- A.B. Barnes, G. De Paëpe, P.C.A. van der Wel, K.-N. Hu, C.G. Joo, V.S. Bajaj, M.L. Mak-Jurkauskas, J.R. Sirigiri, J. Herzfeld, R.J. Temkin, R.G. Griffin (2008). "High-Field Dynamic Nuclear Polarization for Solid and Solution Biological NMR". Applied Magnetic Resonance 34 (3–4): 237–263. doi:10.1007/s00723-008-0129-1. PMC 2634864. PMID 19194532.
- Akbey, U. and Linden, A. H. and Oschkinat, H. (May 2012). "High-Temperature Dynamic Nuclear Polarization Enhanced Magic-Angle-Spinning NMR". Appl. Magn. Reson. 43: 81. doi:10.1007/s00723-012-0357-2. ISBN 0072301203572. ISSN 0937-934.
- A.W. Overhauser (1953). "Polarization of Nuclei in Metals". Physical Review 92 (2): 411–415. Bibcode:1953PhRv...92..411O. doi:10.1103/PhysRev.92.411.
- Perdue University Obituary of Albert W. Overhauser
Further reading 
Review Articles 
- Ni, Qing Zhe; Daviso E, Can TV, Markhasin E, Jawla SK, Swager TM, Temkin RJ, Herzfeld J, Griffin RG. (2013). "High Frequency Dynamic Nuclear Polarization". Accounts in Chemical Research. doi:10.1021/ar300348n.
- Sze, Kong Hung; Wu, Qinglin; Tse, Ho Sum; Zhu, Guang (2011). "Dynamic Nuclear Polarization: New Methodology and Applications". NMR of Proteins and Small Biomolecules. Topics in Current Chemistry 326. p. 215. doi:10.1007/128_2011_297. ISBN 978-3-642-28916-3.
- Jannin, Sami; Helm, Lothar; Bodenhausen, Geoffrey (2011). "NMR of Insensitive Nuclei Enhanced by Dynamic Nuclear Polarization". CHIMIA International Journal for Chemistry 65 (4): 260. doi:10.2533/chimia.2011.260.
- Günther, Ulrich L. (2011). Dynamic Nuclear Hyperpolarization in Liquids. Topics in Current Chemistry. doi:10.1007/128_2011_229.
- Atsarkin, V A (2011). "Dynamic nuclear polarization: Yesterday, today, and tomorrow". Journal of Physics: Conference Series 324: 012003. doi:10.1088/1742-6596/324/1/012003.
- Lingwood, Mark D.; Han, Songi (2011). Solution-State Dynamic Nuclear Polarization. Annual Reports on NMR Spectroscopy 73. p. 83. doi:10.1016/B978-0-08-097074-5.00003-7. ISBN 9780080970745.
- Maly, Thorsten; Debelouchina, Galia T.; Bajaj, Vikram S.; Hu, Kan-Nian; Joo, Chan-Gyu; Mak–Jurkauskas, Melody L.; Sirigiri, Jagadishwar R.; Van Der Wel, Patrick C. A. et al. (2008). "Dynamic nuclear polarization at high magnetic fields". The Journal of Chemical Physics 128 (5): 052211. doi:10.1063/1.2833582. PMC 2770872. PMID 18266416.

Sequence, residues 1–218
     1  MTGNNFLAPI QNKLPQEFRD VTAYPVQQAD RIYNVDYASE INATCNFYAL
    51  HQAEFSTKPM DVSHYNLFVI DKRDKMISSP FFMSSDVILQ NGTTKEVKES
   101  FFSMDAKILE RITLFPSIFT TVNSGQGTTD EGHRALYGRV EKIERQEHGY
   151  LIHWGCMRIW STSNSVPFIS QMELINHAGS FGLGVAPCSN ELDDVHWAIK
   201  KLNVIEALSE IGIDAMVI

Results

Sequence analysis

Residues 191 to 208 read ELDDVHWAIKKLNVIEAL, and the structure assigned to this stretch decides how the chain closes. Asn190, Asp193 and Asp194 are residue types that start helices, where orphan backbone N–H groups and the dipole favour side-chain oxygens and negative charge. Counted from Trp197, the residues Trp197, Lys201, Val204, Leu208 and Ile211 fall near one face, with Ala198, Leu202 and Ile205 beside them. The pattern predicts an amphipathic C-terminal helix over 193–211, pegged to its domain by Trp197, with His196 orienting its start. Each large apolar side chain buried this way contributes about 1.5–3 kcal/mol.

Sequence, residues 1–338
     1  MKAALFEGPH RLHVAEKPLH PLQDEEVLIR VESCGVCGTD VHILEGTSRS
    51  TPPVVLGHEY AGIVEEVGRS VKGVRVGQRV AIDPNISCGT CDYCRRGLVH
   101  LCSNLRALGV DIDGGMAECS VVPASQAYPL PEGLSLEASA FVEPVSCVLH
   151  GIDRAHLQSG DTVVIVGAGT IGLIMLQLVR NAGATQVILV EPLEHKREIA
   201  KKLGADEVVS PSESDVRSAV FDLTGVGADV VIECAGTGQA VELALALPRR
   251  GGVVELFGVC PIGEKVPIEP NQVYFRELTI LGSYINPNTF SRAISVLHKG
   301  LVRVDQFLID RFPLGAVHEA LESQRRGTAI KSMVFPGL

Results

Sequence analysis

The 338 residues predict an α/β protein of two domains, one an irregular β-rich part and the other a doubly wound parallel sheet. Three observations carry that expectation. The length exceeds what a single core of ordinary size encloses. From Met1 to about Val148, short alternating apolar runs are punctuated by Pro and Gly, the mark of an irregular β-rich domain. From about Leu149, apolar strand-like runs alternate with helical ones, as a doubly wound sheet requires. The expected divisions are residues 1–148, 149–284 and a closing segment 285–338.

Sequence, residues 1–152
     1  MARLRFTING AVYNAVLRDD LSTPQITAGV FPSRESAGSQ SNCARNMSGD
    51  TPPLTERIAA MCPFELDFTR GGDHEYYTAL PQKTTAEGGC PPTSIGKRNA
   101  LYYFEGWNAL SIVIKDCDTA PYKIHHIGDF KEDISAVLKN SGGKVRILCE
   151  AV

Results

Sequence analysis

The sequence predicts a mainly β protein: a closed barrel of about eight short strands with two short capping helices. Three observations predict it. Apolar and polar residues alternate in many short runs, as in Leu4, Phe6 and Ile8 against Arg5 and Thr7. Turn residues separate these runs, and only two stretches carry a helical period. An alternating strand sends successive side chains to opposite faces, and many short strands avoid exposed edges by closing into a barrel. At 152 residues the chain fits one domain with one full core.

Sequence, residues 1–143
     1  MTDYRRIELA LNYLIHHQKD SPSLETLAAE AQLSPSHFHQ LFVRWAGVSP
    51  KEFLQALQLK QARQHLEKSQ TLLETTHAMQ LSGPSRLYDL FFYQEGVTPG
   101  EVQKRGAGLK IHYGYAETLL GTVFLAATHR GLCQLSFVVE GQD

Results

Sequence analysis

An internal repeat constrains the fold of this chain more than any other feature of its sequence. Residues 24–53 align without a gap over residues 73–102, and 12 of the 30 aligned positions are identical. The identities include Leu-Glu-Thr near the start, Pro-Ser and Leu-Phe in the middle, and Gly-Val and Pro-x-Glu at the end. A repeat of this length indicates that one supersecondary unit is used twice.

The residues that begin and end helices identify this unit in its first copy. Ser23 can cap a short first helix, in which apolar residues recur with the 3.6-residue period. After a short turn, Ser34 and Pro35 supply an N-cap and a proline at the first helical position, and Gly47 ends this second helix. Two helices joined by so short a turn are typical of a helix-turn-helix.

- Kemsley, Jyllian (2008). "Sensitizing Nmr". Chemical & Engineering News 86 (43): 12. doi:10.1021/cen-v086n043.p012.
- Barnes, A. B.; De Paëpe, G.; Van Der Wel, P. C. A.; Hu, K.-N.; Joo, C.-G.; Bajaj, V. S.; Mak-Jurkauskas, M. L.; Sirigiri, J. R. et al. (2008). "High-Field Dynamic Nuclear Polarization for Solid and Solution Biological NMR". Applied Magnetic Resonance 34 (3–4): 237–263. doi:10.1007/s00723-008-0129-1. PMC 2634864. PMID 19194532.
- Abragam, A; Goldman, M (1978). "Principles of dynamic nuclear polarisation". Reports on Progress in Physics 41 (3): 395. Bibcode:1978RPPh...41..395A. doi:10.1088/0034-4885/41/3/002.
- Goertz, S.T. (2004). "The dynamic nuclear polarization process". Nuclear Instruments and Methods in Physics Research Section A: Accelerators, Spectrometers, Detectors and Associated Equipment 526: 28. doi:10.1016/j.nima.2004.03.147.
- Atsarkin, V A (1978). "Dynamic polarization of nuclei in solid dielectrics". Soviet Physics Uspekhi 21 (9): 725. doi:10.1070/PU1978v021n09ABEH005678.
- Wind, R.A.; Duijvestijn, M.J.; Van Der Lugt, C.; Manenschijn, A.; Vriend, J. (1985). "Applications of dynamic nuclear polarization in 13C NMR in solids". Progress in Nuclear Magnetic Resonance Spectroscopy 17: 33. doi:10.1016/0079-6565(85)80005-4.
- Carson Jeffries, "Dynamic Nuclear Orientation", New York, Interscience Publishers, 1963
- Anatole Abragam and Maurice Goldman, "Nuclear Magnetism: Order and Disorder", New York : Oxford University Press, 1982
Special Issues 
- Dynamic Nuclear Polarization: New Experimental and Methodology Approaches and Applications in Physics, Chemistry, Biology and Medicine, Appl. Magn. Reson., 2008. 34(3-4) (Link to issue)
- High field dynamic nuclear polarization - the renaissance, Phys. Chem. Chem. Phys., 2010. 12(22) (Link to issue)
- The DNP-NMR blog (Link)